Victim support bill passed by MSPs

From Democracy Live: MSPs debate the Victims and Witnesses Bill before passing it

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Offenders will have to pay towards the cost of supporting victims of crime, under new laws passed by the Scottish Parliament.

The government's Victims and Witnesses Bill also aims to give victims more information about their case.

Justice Secretary Kenny MacAskill said it would put victims and witnesses at the heart of the justice system.

The bill was passed unanimously by MSPs, but opposition parties said it needed further improvement.

Mr MacAskill told parliament: "For too long, victims have been treated and made to feel like bystanders in the criminal justice system.

"The passage of this bill will see more consideration given to the rights and needs of victims and witnesses of crime and will improve their experience of the system to which they turn to see justice served."

As well as the "victim surcharge" to be paid by offenders to those who suffer from criminal acts, Scottish ministers said the legislation would also:

  • Set out rights for victims to see certain information about their case.
  • Allow victims of sexual assaults to choose the gender of the police officer who interviews them.
  • Place a duty on justice organisations to set clear standards of service.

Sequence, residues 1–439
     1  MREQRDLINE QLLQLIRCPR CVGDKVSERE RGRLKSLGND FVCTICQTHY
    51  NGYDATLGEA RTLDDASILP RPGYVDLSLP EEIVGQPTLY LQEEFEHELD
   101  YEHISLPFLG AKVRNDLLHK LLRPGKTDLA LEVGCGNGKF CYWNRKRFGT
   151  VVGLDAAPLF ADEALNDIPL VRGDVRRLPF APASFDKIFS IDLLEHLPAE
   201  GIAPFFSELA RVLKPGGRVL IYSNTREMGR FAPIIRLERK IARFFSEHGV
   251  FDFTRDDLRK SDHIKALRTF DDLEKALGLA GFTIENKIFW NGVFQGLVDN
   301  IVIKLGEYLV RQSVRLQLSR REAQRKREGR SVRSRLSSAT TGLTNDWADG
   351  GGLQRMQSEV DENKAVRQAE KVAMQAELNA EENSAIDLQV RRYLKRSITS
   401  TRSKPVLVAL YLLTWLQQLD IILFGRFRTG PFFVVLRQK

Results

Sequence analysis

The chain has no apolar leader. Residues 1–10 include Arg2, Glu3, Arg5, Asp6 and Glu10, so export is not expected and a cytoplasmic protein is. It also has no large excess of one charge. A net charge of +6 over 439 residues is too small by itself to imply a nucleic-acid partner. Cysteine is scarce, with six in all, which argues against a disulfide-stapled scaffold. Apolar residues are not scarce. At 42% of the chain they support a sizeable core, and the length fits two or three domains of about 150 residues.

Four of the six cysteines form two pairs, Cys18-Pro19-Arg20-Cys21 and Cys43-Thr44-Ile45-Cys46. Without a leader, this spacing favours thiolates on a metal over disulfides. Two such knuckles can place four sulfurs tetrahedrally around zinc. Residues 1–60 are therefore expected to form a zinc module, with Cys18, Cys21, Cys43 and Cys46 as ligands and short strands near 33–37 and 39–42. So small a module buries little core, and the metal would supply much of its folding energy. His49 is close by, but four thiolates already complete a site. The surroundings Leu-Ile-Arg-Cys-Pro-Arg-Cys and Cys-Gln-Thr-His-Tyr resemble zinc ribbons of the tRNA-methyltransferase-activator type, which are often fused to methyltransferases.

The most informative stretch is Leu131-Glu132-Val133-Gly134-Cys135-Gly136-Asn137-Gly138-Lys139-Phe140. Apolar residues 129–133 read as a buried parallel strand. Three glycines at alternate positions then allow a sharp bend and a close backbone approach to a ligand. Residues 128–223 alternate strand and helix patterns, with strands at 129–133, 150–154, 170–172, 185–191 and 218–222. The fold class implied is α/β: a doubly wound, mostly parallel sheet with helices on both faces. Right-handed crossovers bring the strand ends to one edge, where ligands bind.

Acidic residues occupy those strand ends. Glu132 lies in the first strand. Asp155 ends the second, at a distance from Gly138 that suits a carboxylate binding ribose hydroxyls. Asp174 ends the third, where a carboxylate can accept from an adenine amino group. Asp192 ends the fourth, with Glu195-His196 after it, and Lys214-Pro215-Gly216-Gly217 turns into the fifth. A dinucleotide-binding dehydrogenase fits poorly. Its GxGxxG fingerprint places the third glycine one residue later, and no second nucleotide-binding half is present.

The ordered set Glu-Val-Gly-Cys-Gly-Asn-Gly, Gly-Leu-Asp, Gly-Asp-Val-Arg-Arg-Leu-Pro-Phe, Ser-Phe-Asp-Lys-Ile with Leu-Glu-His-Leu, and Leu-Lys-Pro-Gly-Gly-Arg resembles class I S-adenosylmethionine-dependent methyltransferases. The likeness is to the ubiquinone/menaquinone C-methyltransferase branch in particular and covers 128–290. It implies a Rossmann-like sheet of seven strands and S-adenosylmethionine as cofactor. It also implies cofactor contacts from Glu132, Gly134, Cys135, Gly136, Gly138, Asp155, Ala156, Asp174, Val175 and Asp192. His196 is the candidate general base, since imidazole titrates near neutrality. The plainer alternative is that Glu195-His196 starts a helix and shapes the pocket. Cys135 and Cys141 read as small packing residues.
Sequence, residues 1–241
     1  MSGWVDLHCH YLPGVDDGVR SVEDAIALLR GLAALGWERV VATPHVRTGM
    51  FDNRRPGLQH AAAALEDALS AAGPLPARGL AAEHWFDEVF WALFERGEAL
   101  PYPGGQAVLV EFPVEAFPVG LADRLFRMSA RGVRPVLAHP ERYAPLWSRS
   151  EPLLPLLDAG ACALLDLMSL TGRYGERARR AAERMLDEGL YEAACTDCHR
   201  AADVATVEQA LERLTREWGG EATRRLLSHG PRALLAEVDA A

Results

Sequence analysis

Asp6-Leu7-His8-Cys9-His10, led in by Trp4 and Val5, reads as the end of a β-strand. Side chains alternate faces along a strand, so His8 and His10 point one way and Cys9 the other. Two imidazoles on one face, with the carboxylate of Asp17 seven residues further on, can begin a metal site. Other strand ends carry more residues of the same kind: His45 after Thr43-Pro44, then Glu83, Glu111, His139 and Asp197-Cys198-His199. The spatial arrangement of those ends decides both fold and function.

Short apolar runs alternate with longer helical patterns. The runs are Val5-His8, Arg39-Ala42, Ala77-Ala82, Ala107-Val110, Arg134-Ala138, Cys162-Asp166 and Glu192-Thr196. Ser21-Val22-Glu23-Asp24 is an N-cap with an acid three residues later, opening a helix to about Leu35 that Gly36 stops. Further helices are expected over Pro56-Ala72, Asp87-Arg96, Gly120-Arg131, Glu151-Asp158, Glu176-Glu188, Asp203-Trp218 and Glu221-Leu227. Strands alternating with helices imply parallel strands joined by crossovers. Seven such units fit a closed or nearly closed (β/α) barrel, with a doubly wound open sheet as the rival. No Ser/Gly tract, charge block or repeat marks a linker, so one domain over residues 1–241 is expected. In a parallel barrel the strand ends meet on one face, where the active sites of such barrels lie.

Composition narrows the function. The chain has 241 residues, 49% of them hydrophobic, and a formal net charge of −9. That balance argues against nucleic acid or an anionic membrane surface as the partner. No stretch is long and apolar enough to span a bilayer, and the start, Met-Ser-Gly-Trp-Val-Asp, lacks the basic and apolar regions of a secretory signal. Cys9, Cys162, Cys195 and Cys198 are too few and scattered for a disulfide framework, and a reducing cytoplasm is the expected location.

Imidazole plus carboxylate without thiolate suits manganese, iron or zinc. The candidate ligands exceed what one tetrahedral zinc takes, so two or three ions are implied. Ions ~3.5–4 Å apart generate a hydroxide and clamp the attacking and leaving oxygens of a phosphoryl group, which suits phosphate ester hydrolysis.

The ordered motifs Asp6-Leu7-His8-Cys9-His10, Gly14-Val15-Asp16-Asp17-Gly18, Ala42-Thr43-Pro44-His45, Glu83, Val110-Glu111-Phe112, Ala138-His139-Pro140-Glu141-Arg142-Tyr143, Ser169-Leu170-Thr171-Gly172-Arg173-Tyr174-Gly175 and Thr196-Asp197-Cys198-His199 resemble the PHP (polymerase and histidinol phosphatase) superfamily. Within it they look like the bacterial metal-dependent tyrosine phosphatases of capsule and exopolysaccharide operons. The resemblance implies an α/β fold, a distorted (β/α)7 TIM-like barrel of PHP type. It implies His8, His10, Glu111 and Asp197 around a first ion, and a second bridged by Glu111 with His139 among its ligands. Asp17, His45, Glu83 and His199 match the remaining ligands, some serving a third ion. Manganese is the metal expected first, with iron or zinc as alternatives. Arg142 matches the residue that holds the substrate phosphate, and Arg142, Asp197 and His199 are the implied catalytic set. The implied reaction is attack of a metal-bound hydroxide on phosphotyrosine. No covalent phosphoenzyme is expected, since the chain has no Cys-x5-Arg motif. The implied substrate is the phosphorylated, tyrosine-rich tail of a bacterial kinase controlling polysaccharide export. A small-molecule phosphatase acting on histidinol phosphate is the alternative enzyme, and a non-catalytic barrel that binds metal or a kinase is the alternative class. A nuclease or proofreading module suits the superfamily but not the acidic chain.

• Allow victims to make oral representations to the Parole Board about the release of life sentence prisoners.

Labour's Graeme Pearson sought to amend the legislation, in a move which he said would better balance the rights of the accused and the needs of witnesses, although his amendment was not supported by the government.

"I hope that the cabinet secretary has taken some evidence that we've offered through the afternoon and will take steps to improve, again, the contents of this bill," said Mr Pearson.

A Conservative amendment to give rape victims the right to legal advice before personal information was accessed by lawyers was also rejected by Holyrood.

Tory justice spokeswoman Margaret Mitchell said her party would back the legislation, but added: "There are clearly glaring omissions in its content which we can only hope will be rectified in the future."

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